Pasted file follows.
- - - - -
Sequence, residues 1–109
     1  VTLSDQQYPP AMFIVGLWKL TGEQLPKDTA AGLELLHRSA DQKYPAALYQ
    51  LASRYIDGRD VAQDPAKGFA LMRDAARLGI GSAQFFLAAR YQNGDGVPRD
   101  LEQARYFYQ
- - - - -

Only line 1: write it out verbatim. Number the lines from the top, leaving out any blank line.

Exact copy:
Sequence, residues 1–109